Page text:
Friday, April 9, 1999 Published at 21:10 GMT 22:10 UK
Niger: A copybook coup d'etat
Former BBC West Africa Correspondent Elizabeth Blunt looks at the background to what is beginning to look like a classic African coup
Tanks on the streets, martial music on the radio, heavily armed soldiers surrounding the presidential palace.
Events in Niamey have all the signs of a copybook African coup d'etat, of the kind that just a year or two ago Africa seemed to have left behind.
Niger itself was one of the countries which was swept along on the wave of democratisation in the early 1990s, and installed a democratically elected President, Mahamane Ousmane, in 1993.
But democracy is fragile in Niger; less than three years later, Ibrahim Bare Mainassara, then a colonel, seized power, on the pretext that the elected civilian government was not working.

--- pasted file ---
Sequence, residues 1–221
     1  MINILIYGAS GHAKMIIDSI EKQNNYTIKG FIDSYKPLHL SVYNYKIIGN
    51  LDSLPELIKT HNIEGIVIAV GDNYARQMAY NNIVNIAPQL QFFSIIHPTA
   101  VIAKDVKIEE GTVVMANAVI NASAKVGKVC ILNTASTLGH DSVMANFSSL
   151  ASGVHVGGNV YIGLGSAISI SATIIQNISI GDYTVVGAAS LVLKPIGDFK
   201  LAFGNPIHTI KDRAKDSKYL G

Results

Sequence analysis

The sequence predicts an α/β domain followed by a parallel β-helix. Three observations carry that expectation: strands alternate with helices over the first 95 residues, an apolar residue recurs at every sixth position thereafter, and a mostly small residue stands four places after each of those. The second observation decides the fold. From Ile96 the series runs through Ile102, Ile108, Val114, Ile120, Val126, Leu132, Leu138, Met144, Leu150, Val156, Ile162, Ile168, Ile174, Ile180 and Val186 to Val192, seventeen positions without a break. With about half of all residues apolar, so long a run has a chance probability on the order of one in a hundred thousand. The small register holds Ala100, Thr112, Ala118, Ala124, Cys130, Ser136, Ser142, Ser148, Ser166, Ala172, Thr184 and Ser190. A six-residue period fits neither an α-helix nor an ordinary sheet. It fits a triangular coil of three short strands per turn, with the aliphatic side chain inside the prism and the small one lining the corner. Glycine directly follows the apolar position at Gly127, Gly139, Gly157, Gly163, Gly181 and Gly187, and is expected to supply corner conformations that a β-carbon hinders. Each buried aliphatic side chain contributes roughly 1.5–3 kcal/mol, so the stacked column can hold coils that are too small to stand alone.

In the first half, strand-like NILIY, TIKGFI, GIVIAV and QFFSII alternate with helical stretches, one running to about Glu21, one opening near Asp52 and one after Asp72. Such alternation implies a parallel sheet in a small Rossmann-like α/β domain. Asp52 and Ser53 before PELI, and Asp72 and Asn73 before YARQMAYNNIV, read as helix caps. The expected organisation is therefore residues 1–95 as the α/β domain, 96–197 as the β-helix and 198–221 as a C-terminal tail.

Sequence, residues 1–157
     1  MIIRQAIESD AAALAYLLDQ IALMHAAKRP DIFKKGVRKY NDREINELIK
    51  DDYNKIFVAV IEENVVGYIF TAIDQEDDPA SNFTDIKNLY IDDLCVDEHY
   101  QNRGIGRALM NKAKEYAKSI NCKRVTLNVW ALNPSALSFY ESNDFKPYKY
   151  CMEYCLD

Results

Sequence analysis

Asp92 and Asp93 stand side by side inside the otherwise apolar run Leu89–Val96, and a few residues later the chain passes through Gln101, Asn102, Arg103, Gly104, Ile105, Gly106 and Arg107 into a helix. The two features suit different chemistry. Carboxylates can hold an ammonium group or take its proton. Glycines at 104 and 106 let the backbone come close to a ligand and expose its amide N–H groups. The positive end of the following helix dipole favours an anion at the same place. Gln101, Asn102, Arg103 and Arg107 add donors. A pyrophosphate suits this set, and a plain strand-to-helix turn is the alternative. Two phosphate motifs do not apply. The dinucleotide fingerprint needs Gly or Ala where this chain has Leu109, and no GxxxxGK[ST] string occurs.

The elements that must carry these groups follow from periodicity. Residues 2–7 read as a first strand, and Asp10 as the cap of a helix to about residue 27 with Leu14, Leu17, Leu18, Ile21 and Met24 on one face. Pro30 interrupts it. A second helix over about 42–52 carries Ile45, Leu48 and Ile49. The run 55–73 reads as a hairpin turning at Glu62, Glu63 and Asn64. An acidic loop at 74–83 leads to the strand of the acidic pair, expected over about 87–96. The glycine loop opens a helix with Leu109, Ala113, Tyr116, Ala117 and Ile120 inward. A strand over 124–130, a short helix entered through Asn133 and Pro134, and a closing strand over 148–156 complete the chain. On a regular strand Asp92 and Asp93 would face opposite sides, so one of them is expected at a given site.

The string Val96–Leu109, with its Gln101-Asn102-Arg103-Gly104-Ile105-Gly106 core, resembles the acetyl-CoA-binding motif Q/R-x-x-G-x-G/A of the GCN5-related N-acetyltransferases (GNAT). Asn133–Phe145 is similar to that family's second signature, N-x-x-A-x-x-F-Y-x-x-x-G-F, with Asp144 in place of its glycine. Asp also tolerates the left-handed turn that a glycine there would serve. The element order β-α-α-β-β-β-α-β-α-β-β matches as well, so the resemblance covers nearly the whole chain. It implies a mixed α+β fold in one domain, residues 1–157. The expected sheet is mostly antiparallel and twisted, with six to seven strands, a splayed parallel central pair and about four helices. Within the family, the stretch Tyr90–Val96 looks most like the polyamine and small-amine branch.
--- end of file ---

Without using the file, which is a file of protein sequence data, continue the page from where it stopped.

But even while seizing power by force, Mainassara still publicly accepted democracy as the ideal - within six months he had had himself elected president.
Niger's opposition has never accepted his legitimacy, and has contested his rule at every opportunity.
The immediate cause of the latest events in Niger seems to have been the row between government and opposition over local elections in February; the opposition complain that wherever they seemed to be doing well, armed men invaded the polling stations, destroyed documents and disrupted the vote.
When the Supreme Court announced earlier this week that the elections in these places would be cancelled, apparently rewarding those who had disrupted them, the opposition called for massive demonstrations.
Now the political instability seems to have achieved the result they would have least desired - exacerbating tensions within the army, and sparking off a coup d'etat of the most old-fashioned kind.